I've been watching a lot of movies lately. Today, I watched My Sister's Keeper. Although I didn't necessary like it (I knew going in it wasn't going to be a happily ever after), I did get something out of it. The movie is a heart wrenching tale of a young girl who wants to be medically emancipated from her parents. You see, her sister got leukemia at a very young age. Since neither her parents nor brother was a donor match, the parents did something-- they genetically ensured a baby would be born with the right genetic material that would ensure a match.
Anna Fitzgerald was used to donating for her sister, whether it was blood cells, marrow or whatever. But it isn't until her sister relapses that Anna makes the decision (at age 11) to sue her parents for medical emancipation. One thing about this movie, despite me definitely NOT liking the mother and the way she handled everything, was that it knew how to pull on a person's emotions.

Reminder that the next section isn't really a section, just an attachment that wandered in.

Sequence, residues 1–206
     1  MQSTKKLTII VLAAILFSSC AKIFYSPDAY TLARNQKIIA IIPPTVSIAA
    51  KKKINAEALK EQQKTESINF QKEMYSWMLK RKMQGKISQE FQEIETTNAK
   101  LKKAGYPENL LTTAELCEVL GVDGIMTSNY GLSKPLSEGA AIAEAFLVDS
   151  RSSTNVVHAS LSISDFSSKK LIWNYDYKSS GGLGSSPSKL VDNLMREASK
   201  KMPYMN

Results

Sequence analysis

It didn't just explode at the black moment, but was there in the beginning. Every scene, every new character arch that was revealed, the emotion was there, raw and in your face. And it was there until the end.
Would I watch it again? No. The mother really really was not a sympathetic character. I wanted to smack her, to demand that she pay more attention to her youngest daughter, to listen to what she and the others were saying instead of having everything be about her. Most of all, I wanted the sister to live. Realistic? No, but Denial might as well be my middle name.
What I did get out of the movie, was how to build up that emotion instead of suffocating the audience with it. For that, I do think if you're wanting to write a heart-wrenching story like that, My Sister's Keeper would be a good movie to watch. No matter what the outcome was.